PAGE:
A group of leading technology and scientific leaders, including physicist Stephen Hawking and Apple co-founder Steve Wozniak, have issued a stern warning against the development of so-called killer robots.
Autonomous weapons, which use artificial intelligence to select targets without human intervention, have been described as "the third revolution in warfare, after gunpowder and nuclear arms", about 1,000 scientists, academics and entrepreneurs wrote in an open letter.
"The key question for humanity today is whether to start a global AI [artificial intelligence] arms race or to prevent it from starting," they wrote on Tuesday.
"If any major military power pushes ahead with AI weapon development, a global arms race is virtually inevitable."
The idea of an automated killing machine - made famous by films such as The Terminator - is moving swiftly from science fiction to reality, according to the scientists.
"The deployment of such systems is - practically if not legally - feasible within years, not decades," the letter said.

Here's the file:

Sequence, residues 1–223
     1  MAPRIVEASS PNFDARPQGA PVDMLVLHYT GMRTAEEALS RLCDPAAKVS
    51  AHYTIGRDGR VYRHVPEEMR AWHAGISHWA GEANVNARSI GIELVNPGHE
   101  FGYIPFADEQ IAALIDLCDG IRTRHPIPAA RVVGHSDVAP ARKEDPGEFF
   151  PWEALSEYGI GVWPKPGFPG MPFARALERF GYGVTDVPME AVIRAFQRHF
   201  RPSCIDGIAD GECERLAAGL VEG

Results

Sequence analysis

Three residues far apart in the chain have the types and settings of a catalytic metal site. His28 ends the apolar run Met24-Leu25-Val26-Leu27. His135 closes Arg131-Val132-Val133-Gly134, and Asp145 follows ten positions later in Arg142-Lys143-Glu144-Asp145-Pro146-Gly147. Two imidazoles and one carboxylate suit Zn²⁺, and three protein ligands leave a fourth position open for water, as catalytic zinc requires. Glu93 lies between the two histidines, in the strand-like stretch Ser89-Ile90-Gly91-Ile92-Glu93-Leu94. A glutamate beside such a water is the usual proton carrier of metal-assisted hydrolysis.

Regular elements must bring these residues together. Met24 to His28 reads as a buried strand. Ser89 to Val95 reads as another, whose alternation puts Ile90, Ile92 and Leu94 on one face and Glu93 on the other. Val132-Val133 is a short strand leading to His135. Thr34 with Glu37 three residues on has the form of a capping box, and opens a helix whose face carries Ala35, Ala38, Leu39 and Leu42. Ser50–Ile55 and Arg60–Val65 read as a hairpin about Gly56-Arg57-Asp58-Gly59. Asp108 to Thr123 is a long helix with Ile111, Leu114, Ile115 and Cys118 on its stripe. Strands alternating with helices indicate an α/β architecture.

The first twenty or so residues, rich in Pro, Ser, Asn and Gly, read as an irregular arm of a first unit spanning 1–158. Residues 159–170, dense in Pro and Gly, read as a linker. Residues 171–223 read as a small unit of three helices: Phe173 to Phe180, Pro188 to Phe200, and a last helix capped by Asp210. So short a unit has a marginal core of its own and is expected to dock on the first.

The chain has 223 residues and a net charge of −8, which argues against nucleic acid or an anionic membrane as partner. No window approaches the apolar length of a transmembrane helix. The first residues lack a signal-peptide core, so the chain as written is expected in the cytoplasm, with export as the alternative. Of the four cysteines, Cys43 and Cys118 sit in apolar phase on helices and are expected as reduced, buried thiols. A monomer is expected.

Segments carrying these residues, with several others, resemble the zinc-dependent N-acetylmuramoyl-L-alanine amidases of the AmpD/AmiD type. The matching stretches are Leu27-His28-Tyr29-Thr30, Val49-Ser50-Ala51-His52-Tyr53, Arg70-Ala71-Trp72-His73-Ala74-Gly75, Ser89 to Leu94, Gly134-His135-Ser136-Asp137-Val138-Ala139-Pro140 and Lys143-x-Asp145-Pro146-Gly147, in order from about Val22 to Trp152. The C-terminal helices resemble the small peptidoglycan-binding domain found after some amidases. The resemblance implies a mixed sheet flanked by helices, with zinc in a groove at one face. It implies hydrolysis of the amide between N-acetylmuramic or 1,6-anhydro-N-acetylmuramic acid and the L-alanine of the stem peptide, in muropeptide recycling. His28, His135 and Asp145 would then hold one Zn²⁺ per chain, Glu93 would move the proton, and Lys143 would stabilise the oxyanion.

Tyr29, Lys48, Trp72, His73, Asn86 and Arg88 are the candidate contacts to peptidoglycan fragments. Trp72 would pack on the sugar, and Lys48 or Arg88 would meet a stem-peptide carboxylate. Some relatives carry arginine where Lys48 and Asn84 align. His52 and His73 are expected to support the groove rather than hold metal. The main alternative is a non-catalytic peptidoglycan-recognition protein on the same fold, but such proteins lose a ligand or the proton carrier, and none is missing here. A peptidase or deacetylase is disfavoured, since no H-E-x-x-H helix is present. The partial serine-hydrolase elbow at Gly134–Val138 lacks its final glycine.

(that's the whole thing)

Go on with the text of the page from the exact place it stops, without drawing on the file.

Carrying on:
The scientists painted the doomsday scenario of autonomous weapons falling into the hands of terrorists, dictators or warlords hoping to carry out ethnic cleansing.
'Beyond meaningful human control'
The group concluded with an appeal for a "ban on offensive autonomous weapons beyond meaningful human control".
However, they also noted the potential benefits of autonomous weapons in the letter, saying: "There are many ways in which AI can make battlefields safer for humans, especially civilians, without creating new tools for killing people."
They could also reduce the extent of battlefield casualties and might also lower the threshold for going to battle, the scientists said.
The letter was presented at the opening of the 2015 International Joint Conference on Artificial Intelligence in Buenos Aires.
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Elon Musk, the billionaire co-founder of PayPal and head of SpaceX, a private space-travel technology venture, also urged the public to join the campaign.
"If you're against a military AI arms race, please sign this open letter," Musk tweeted.
Authorities are gradually waking up to the risk of robot wars. Last May, for the first time, governments began talks on so-called "lethal autonomous weapons systems".
In 2012, Washington imposed a 10-year human control requirement on automated weapons, welcomed by campaigners even though they said it should go further.
There have been examples of weapons being stopped in their infancy. After UN-backed talks, blinding laser weapons were banned in 1998, before they ever hit the battlefield.